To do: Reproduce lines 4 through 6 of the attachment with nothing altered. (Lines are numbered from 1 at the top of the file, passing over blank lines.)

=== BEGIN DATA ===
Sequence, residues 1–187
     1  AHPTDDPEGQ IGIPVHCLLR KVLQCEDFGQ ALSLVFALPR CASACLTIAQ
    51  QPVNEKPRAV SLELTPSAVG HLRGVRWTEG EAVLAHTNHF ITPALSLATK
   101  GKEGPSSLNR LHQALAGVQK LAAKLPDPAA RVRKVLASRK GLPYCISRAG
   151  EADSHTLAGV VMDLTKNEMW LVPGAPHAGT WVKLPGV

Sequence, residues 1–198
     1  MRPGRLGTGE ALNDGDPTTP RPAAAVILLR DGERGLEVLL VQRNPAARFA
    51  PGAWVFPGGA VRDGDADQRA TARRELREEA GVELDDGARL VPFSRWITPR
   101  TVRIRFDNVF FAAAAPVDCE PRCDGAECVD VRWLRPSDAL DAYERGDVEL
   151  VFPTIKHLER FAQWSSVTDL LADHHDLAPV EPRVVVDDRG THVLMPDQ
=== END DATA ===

   101  GKEGPSSLNR LHQALAGVQK LAAKLPDPAA RVRKVLASRK GLPYCISRAG
   151  EADSHTLAGV VMDLTKNEMW LVPGAPHAGT WVKLPGV

Sequence, residues 1–198